Plaque Character and Progression According to the Location of Coronary Atherosclerotic Plaque

A. Maxim Bax, Yeonyee E. Yoon, Umberto Gianni, Xiaoyue Ma, Yao Lu, Benjamin C. Lee, Benjamin Goebel, Donghee Han, Sang Eun Lee, Ji Min Sung, Daniele Andreini, Mouaz H. Al-Mallah, Matthew J. Budoff, Filippo Cademartiri, Kavitha Chinnaiyan, Jung Hyun Choi, Eun Ju Chun, Edoardo Conte, Ilan Gottlieb, Martin HadamitzkyYong Jin Kim, Byoung Kwon Lee, Jonathon A. Leipsic, Erica Maffei, Hugo Marques, Pedro de Araújo Gonçalves, Gianluca Pontone, Sanghoon Shin, Jagat Narula, Fay Yu Huei Lin, Leslee J. Shaw, Hyuk Jae Chang

Research output: Contribution to journalArticlepeer-review

3 Scopus citations


Although acute coronary syndrome culprit lesions occur more frequently in the proximal coronary artery, whether the proximal clustering of high-risk plaque is reflected in earlier-stage atherosclerosis remains unclarified. We evaluated the longitudinal distribution of stable atherosclerotic lesions on coronary computed tomography angiography (CCTA) in 1,478 patients (mean age, 61 years; men, 58%) enrolled from a prospective multinational registry of consecutive patients undergoing serial CCTA. Of 3,202 coronary artery lesions identified, 2,140 left lesions were classified (based on the minimal lumen diameter location) into left main (LM, n = 128), proximal (n = 739), and other (n = 1,273), and 1,062 right lesions were classified into proximal (n = 355) and other (n = 707). Plaque volume (PV) was the highest in proximal lesions (median, 26.1 mm3), followed by LM (20.6 mm3) and other lesions (15.0 mm3, p <0.001), for left lesions, and was lager in proximal (25.8 mm3) than in other lesions (15.2 mm3, p <0.001) for right lesions. On both sides, proximally located lesions tended to have greater necrotic core and fibrofatty components than other lesions (left: LM, 10.6%; proximal, 5.8%; other, 3.4% of the total PV, p <0.001; right: proximal, 8.4%; other 3.1%, p <0.001), with less calcified plaque component (left: LM, 18.3%; proximal, 30.3%; other, 37.7%, p <0.001; right: proximal, 23.3%, other, 36.6%, p <0.001), and tended to progress rapidly (adjusted odds ratios: left: LM, reference; proximal, 0.95, p = 0.803; other, 0.64, p = 0.017; right: proximal, reference; other, 0.52, p <0.001). Proximally located plaques were larger, with more risky composition, and progressed more rapidly.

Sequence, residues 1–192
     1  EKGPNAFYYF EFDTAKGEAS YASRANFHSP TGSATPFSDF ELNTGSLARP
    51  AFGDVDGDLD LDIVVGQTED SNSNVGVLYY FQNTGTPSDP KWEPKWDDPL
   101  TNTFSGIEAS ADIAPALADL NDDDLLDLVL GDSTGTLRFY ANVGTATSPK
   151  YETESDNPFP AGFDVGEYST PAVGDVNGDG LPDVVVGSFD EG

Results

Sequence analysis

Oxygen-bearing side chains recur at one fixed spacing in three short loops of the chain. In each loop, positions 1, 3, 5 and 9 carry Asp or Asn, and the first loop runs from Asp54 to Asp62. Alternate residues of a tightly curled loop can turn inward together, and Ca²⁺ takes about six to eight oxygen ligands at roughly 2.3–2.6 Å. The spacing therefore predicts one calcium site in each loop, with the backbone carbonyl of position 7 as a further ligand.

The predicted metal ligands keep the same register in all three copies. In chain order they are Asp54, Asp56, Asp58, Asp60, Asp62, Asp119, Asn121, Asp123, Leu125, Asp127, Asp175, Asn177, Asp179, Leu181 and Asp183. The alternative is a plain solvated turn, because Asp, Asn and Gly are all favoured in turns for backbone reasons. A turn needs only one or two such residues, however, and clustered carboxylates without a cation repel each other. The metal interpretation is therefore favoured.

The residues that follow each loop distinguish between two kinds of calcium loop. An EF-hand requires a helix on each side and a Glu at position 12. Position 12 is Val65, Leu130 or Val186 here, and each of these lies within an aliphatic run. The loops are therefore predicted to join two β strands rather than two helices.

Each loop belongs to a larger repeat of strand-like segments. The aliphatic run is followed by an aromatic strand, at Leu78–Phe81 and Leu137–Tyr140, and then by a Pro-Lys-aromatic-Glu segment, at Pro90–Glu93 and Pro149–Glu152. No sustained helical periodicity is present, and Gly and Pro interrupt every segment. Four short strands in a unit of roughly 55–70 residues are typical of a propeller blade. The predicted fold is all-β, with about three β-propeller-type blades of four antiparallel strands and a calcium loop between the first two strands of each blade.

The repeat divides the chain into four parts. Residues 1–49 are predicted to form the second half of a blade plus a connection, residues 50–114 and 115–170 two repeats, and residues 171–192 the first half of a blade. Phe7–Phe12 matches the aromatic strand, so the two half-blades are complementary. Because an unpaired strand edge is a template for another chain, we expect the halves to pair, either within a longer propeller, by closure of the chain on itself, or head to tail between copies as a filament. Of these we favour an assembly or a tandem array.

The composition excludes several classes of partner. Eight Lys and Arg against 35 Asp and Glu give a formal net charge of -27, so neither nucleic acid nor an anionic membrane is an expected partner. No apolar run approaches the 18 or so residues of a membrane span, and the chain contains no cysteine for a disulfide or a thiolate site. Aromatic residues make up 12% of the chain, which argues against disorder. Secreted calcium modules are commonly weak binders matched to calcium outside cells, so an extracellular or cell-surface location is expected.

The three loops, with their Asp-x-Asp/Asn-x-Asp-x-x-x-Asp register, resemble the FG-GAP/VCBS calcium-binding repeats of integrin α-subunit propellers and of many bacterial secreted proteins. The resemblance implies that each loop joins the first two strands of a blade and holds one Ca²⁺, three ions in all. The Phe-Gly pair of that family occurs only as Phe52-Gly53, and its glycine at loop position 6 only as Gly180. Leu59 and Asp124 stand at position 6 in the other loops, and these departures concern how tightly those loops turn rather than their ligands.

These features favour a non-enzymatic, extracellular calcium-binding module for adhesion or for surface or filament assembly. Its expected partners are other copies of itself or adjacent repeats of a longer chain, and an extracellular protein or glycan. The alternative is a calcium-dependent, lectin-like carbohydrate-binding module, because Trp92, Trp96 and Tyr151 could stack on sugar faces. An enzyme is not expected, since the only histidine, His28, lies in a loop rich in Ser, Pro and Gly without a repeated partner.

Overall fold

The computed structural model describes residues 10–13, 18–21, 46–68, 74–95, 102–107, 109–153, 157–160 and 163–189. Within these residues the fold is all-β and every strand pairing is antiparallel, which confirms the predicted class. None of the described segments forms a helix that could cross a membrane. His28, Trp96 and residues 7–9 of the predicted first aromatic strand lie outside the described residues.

Original languageEnglish (US)
Pages (from-to)15-22
Number of pages8
JournalAmerican Journal of Cardiology
StatePublished - Nov 1 2021

ASJC Scopus subject areas

  • Cardiology and Cardiovascular Medicine


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